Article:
Isn't it amazing how three short weeks can change someone's perspective? Last month, I was all about getting published: who to talk to about my novel, where to send my manuscript, and how to make it happen.
This month, I've accepted reality: my manuscript is far from being ready for publication. Truthfully, there were some days when I wanted to chuck my manuscript into the garbage and abandon my dream of writing. It's taken some time, but I've realized that I need to change my priorities.
Anne Lamott in Bird by Bird: Some Instructions on Writing and Life sums this idea up quite well: "I just try to warn people who hope to get published that publication is not all that it is cracked up to be. But writing is. Writing has so much to give, so much to teach, so many surprises. That thing you had to force yourself to do--the actual act of writing--turns out to be the best part ... The act of writing turns out to be its own reward."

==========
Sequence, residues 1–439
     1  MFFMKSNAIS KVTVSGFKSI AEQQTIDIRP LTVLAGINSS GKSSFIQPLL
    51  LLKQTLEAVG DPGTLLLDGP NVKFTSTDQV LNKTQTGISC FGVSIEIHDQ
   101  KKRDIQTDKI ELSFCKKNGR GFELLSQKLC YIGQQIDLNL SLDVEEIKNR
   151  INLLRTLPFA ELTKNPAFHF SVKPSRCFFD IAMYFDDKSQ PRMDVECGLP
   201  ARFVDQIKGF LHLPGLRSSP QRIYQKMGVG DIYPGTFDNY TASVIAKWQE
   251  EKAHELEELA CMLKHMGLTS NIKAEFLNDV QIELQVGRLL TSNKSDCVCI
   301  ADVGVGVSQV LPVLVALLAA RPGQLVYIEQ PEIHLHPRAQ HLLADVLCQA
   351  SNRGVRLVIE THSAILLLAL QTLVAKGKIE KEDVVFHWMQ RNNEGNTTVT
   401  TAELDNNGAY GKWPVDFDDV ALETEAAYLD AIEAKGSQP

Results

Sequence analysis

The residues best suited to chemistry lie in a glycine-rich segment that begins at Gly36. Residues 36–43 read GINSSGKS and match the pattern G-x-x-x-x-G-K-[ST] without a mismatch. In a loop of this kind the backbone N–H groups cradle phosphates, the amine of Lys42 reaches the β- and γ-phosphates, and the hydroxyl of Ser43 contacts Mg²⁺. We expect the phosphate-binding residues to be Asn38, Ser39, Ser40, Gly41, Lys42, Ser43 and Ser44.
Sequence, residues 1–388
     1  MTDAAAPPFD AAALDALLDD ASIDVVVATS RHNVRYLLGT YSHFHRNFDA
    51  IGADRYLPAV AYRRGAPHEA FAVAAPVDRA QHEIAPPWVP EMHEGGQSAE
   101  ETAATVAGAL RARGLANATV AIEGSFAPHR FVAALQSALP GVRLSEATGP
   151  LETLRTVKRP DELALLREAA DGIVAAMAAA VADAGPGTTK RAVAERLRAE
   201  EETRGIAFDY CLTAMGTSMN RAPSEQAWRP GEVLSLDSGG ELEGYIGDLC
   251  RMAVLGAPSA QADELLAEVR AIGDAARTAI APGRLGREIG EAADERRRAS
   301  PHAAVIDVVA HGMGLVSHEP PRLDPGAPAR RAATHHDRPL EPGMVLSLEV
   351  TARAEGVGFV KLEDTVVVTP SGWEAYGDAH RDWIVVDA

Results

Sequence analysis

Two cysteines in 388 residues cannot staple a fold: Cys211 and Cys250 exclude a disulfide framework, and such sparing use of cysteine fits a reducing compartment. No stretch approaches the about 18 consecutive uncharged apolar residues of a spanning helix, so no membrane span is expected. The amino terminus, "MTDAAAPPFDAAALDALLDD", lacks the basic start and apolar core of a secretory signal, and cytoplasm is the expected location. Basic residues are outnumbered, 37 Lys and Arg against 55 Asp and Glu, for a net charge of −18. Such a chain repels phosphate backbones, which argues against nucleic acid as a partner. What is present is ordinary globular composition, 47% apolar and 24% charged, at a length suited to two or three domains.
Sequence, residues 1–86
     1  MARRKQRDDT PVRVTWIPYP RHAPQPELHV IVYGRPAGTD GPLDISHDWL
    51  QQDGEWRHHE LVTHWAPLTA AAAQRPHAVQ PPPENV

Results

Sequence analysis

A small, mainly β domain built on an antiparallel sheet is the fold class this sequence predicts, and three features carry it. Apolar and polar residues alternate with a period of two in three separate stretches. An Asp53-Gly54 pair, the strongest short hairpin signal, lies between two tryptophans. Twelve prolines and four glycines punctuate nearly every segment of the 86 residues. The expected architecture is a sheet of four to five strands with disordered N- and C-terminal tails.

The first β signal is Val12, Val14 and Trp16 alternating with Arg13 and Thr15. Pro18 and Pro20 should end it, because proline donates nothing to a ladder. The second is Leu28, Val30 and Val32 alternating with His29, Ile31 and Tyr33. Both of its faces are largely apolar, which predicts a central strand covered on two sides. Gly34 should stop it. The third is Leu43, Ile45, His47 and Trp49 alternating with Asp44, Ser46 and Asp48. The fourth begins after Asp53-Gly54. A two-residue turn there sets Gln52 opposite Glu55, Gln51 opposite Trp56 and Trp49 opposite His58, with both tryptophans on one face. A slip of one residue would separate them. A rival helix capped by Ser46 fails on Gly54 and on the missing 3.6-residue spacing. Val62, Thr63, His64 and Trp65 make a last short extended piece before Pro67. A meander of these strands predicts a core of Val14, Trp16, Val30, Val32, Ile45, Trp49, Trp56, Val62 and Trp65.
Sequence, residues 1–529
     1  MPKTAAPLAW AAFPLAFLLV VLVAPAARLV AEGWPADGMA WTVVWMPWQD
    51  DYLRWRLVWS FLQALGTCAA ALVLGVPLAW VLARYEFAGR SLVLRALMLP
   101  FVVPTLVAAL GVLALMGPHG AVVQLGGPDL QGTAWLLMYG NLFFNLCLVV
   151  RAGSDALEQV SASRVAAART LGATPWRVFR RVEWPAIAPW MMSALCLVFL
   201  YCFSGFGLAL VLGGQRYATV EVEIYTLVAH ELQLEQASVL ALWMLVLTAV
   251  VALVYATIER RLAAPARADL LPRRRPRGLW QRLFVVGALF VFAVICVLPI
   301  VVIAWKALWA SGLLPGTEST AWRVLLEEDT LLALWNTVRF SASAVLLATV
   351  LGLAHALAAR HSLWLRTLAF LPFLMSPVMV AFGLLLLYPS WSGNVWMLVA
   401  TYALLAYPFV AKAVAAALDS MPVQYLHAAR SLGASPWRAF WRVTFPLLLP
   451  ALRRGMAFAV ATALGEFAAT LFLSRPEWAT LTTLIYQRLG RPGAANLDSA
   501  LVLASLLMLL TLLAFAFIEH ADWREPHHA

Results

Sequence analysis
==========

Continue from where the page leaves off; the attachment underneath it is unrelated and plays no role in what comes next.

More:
It's time for me to take a step backwards and start working on becoming a better writing. To do this, I am going to apply to the low residency MFA program at Vermont College, an idea that terrifies me completely. Not only do I have to battle my self-doubt about whether or not I'll even get accepted, but the two-year commitment of 25 hours a week is overwhelming. But as my good friend Andria reminded me, I was able to write 50,000 words in one month during NaNoWriMo. If I found the time to do that, I certainly can devote the necessary time in the MFA program, especially because I really do want to become a better writer.
In the meantime, I'm going to do the one activity that truly makes someone a better writer: WRITE!
10 hours ago